Tuesday, August 2, 2011

What every doula should know about breastfeeding: Tip #3: A few must-knows for pumping

Preface: Often as a doula, before I became an LC, I would encounter situations in the hours after the baby was born, or at postpartum visits, where I wasn't quite sure what to suggest; or looking back, I realize I could have done something differently. I've decided to share some tips with other doulas about things that I wish I had known long ago! Today is Tip #3: A few must-knows for pumping.

There are a number of reasons your doula client may want or need to pump, including increasing her milk supply/getting additional stimulation to bring in a good supply, and pumping for a baby who can't latch and/or is in the NICU. Some mothers will end up (short- or long-term) exclusively pumping, aka EPing. If your client is EPing because of latch issues including difficulty getting the baby to latch or pain with nursing, make sure she sees a good LC fast!

Like some other topics in this series, I am bummed to have to give many of these pumping tips to doulas, not because I don't think doulas should know this stuff, but because EVERYONE involved in caring for new moms/babies should know this stuff! Moms often do not get the support they need to make pumping successful. But knowing that doulas are there to fill in the gap, these are important things that you may be the only one to discuss.

These tips are by no means all anyone needs to know about pumping, but they are opportunities for the doula to fill in gaps in knowledge:

With that thought in mind, I am putting two very simple, very important tips first:

#1: Cleaning: On a Medela, the valve and flange come preassembled, like this:

So nobody realizes that the yellow valve and white membrane come off and come apart, like this:

On an Ameda, the valve and flange also come preassembled; their valve looks like this:

Every time the mother uses the pump, those parts should be completely taken apart, washed, and dried separately. If those pieces are not taken apart, milk and moisture can accumulate between them and cause problems like poor pump suction and mold growth (EW, I know.)

People just do not know this; I know people who pump for months or YEARS and do not know this. Tell your doula clients! Tell all your friends! Rent out a billboard! Pump valves come OFF THE PUMP!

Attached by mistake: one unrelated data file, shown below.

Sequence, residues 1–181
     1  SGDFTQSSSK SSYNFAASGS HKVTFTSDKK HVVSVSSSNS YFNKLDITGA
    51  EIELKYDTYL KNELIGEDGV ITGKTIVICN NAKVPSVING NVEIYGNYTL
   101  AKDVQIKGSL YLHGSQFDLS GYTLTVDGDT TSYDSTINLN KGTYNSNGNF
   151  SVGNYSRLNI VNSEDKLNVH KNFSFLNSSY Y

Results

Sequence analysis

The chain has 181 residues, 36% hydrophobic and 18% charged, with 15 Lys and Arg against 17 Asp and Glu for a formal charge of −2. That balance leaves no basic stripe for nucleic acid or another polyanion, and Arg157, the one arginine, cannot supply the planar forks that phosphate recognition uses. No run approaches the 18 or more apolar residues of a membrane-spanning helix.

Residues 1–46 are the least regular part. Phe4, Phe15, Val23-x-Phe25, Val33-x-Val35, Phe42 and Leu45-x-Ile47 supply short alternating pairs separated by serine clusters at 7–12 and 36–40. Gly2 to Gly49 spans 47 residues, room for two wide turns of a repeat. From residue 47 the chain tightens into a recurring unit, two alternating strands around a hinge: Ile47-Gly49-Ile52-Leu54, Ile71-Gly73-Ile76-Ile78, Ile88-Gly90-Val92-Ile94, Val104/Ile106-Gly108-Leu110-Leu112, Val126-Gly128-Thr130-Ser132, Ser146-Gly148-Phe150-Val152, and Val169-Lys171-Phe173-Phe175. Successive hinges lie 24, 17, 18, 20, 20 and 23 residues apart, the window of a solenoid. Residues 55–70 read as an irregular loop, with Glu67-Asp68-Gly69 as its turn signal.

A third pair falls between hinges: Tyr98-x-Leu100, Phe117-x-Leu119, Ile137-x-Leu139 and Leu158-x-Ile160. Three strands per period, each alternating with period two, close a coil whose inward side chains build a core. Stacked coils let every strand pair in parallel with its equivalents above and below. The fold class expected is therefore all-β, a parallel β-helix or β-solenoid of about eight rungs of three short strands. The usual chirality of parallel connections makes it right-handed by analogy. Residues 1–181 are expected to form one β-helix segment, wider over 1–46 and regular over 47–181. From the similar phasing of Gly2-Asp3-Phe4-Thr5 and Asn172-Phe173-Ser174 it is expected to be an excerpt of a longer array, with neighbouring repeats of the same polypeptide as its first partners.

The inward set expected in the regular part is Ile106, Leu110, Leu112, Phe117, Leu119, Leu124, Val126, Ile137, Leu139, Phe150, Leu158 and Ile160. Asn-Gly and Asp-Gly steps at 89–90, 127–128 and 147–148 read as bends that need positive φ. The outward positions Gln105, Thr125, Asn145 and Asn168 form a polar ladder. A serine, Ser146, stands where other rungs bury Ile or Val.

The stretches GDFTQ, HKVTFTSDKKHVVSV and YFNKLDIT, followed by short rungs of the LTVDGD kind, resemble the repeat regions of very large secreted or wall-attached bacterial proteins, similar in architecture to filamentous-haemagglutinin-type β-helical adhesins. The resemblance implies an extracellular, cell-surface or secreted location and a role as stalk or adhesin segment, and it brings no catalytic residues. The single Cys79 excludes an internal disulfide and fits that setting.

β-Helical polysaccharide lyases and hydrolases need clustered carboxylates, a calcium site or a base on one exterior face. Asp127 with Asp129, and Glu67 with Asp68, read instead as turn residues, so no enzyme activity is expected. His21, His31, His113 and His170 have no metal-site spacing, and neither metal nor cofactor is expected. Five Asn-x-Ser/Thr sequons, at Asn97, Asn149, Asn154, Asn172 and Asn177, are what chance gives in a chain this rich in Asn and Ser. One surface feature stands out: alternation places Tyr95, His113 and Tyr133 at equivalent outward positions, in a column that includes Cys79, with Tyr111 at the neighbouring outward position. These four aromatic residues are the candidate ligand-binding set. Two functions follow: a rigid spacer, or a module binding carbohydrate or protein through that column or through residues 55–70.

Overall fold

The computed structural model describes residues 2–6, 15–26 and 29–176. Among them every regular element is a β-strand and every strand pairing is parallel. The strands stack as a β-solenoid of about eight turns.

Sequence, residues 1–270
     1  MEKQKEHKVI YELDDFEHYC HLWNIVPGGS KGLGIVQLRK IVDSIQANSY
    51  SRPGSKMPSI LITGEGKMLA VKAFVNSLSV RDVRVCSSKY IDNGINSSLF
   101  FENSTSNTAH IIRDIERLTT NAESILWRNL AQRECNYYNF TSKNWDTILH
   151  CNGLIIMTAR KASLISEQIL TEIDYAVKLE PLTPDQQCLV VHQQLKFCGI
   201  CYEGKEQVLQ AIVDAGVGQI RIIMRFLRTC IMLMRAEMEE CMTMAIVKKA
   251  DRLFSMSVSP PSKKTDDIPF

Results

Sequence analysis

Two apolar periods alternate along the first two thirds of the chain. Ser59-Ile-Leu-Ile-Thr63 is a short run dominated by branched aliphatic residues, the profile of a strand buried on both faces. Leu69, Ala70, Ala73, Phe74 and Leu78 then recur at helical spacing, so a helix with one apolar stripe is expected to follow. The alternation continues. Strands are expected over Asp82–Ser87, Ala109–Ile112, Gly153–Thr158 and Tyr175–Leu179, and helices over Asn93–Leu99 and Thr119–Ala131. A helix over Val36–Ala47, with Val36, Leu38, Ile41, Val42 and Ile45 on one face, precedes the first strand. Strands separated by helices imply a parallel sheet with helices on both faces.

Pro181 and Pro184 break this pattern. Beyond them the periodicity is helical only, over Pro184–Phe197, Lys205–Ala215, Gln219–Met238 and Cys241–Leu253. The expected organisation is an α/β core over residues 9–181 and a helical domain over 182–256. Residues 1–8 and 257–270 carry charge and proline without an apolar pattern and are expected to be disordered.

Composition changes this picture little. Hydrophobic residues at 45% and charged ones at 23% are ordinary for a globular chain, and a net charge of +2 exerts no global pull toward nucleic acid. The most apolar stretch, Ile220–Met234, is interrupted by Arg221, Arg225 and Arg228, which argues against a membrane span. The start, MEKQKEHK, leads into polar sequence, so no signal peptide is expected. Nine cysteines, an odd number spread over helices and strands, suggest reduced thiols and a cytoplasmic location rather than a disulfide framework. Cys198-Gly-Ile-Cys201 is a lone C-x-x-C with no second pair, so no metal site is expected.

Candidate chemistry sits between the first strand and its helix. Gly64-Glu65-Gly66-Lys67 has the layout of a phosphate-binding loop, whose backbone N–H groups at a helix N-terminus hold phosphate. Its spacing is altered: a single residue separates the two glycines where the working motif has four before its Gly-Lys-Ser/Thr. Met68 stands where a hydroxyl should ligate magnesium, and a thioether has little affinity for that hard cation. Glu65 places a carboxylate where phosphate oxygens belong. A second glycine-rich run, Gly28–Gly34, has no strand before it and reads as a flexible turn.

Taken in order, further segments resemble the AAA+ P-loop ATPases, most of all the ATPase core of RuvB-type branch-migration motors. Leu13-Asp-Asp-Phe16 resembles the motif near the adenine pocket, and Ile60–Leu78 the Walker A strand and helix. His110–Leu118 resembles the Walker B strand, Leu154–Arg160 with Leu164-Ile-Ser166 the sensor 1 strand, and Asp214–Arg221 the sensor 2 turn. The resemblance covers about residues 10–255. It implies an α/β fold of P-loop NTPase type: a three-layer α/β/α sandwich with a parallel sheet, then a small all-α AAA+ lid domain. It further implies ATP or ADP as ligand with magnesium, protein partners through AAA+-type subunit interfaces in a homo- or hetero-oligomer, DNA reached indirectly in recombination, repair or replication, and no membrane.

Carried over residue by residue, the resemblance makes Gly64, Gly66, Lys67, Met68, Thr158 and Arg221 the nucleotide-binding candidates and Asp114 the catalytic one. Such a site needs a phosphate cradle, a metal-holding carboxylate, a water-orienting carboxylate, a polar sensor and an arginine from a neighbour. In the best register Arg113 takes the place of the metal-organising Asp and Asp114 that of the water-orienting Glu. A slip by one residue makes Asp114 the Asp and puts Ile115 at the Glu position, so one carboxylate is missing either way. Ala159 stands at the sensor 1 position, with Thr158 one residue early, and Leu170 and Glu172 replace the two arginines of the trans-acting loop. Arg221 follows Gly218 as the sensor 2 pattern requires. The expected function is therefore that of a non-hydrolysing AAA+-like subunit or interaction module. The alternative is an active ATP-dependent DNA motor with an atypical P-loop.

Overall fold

#2) Flange fit.


Look at this picture:


Now look at this one:


(Both images taken from this simple, lovely page by Ameda.)

I carry a copy of these two pictures around with me at work (I know, I know... my job is so cool!) Any pumping mother, when asked, can tell you whether her pumping sessions look more like the first photo or the second photo (occasionally they'll say "well, kind of halfway between the two" which still suggests a tight fit.)

The wrong size flange can cause pain and low supply. Once again, mothers pump for YEARS with the wrong flange and say "The pump never worked very well for me" or "Pumping always hurt for me", never knowing there was any size flange but the one that came with the pump!

If you know a mother will be pumping a lot, show her these pictures and tell her in advance to keep an eye on flange fit (consider printing the pictures out and keeping them in your doula bag). Mothers may start out a pumping session with what looks like a good fit, and end it with a tight fit; those women should get a bigger flange. They may also be OK on one size for a while, then start to need a bigger size after a few days or weeks of pumping; those women should also get a bigger flange.

The "standard" size in the box is the 24mm flange. Both Medela and Ameda manufacture various sizes up to a 36mm flange, and Medela also makes a 40mm flange. They can be purchased at stores like Buy Buy Baby, Babies R Us, Target, local lactation consultants, or baby boutiques; or they can be ordered online.

Many mothers find that the Pumpin Pals brand shields are more comfortable for long-term use than the standard flange that comes with their pump kit; Pumpin Pals flanges can be used with a number of different pump brands. They're angled and more curved than standard flanges, so many mothers report they feel gentler on the breast, and they also allow the mother to lean farther back when she's pumping.

#3) Early pumping: As I noted in my hand expression post, pumps are usually NOT very effective at removing milk in the early days. Mothers of a fussy baby may sometimes ask to pump to see "if there's anything there". The pump will not help her with that! Counsel the mother who wants or needs to pump in the first 1-3 days that she may not see much with the pump, and help her learn hand expression to maximize the amount she can get out. Mothers who are totally pump-dependent are understandably discouraged by pumping and pumping and getting a single drop. Give them lots of cheerleading and support, and reassure them that they will see more milk within a few days.

#4) She needs a great pump, aka not all pumps are created equal: If your doula client needs to or decides to EP, DO NOT let her buy a crappy, low-power pump. I usually don't talk in such absolutes, but it has to be said. There are some women who can get and maintain a great supply on those $70 pumps; they are in the tiny minority. Usually women buy one of those pumps because they see the price of a Medela or Ameda as prohibitive, but once they've bought a crap pump they've now sunk $70 into something that causes supply issues, and quite possibly nipple trauma (